High school is the time when many young people start considering different careers. Those who are more interested in science take better notes of what happens in labs, while the aspiring artists and writers start searching for their voice. But English language learners are in danger of being marginalized during this important time of their lives as they struggle with basic language skills and try to catch up with their peers’ cultural knowledge.
To give my students a direction for their lives outside of school, I asked them about what their dream jobs would be. It turned out that lots of the answers fit within a few career fields. From there, I looked at how these could tie back to the mainstream school subjects and their language skills. Here are some of the ways I made this work:
Career field: Law Enforcement. Lots of my students were either fans of crime shows or admired relatives in the police force.
Content Objectives: The first part focused on the civics aspects of law enforcement, which gave me the chance to reinforce lessons about the Bill of Rights and judicial system. The second part looked at the science behind forensic investigation: the physics of ballistics, the biology of DNA analysis, the anatomical knowledge required for pathology, and the chemistry behind crime scene investigation.
Language Objectives: Crime always makes reading activities more interesting. We went through local news stories to identify the steps in the legal process. Later, I had students analyze articles about how law enforcement personnel learn forensic science to find main ideas and support.
Career Field: Medicine. Some of my students were interested in everything from being a medical aide to a surgeon.
Content Objectives: This lent itself easily to biology and anatomy, but to make it more interesting, I focused on academic writing. Specifically, I had students write “how-to” articles centered around first-aid and treating sicknesses.
Language Objectives: I didn’t expect to find so many irregular verbs in healthcare, but I took the opportunity to review words like “bled,” “fell,” and “broke.”
Career Field: Investing and Banking. My students weren’t interested in this until I told them these lessons would literally show them how to get rich. Then they were very interested.
Content Objectives: We reviewed math concepts to determine interest rates and payment amounts. I matched many of the terms with the curriculum for my school’s personal finance class.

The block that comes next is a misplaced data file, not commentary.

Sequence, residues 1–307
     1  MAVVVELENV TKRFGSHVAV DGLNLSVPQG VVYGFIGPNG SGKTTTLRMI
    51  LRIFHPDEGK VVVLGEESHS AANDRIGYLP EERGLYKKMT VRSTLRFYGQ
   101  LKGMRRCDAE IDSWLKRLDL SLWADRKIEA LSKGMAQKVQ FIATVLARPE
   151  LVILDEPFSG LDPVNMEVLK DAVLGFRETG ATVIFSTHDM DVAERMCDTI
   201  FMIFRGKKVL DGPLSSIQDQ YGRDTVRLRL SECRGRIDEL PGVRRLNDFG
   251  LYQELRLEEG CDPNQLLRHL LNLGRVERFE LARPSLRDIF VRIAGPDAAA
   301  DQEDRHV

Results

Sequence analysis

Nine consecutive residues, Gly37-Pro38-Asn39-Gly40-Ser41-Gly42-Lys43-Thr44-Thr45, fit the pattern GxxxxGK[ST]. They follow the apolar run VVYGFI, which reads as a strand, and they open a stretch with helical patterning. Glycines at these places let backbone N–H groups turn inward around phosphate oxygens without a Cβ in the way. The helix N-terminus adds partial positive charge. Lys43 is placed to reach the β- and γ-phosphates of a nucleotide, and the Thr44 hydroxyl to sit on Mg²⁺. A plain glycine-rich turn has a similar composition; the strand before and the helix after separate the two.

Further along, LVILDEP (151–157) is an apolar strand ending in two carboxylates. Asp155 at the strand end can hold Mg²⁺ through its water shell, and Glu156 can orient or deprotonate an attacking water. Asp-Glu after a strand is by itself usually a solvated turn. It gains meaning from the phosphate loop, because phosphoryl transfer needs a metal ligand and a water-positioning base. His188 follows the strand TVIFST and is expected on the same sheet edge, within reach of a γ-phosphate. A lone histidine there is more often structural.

Language Objectives: Students learned common financial terms, like “mortgage,” “investment,” and “principal” that many lacked the cultural exposure to before. I also took some time to warn them against high-interest rate loans and credit cards.
Career Fields: Arts and Design. Instead of making this one big unit, I broke it up into shorter lessons for weeks abbreviated by holidays and assemblies. That allowed me to address subjects as diverse as fashion design, video game creation, and acting.
Content Objectives: A common thread among all of these subjects was the need for teamwork and cooperation. We looked at how people with different skills need to work together to create a good product, whether it’s a dress or a movie.
Language Objectives: Artistic subjects allow for great writing prompts. I had students write about what kind of clothes they would design if they had their own line, describe the features that made their favorite video games good (advanced students could also write about what made bad video games bad), and our theater students could engage in some simple fiction writing by imaging what kinds of films they would do as movie stars. Writing is often one of the most challenging assignments for ELLs, but connecting it to artistic interests made it much more fun for everyone.
How have you tied career goals into your English language teaching in secondary school?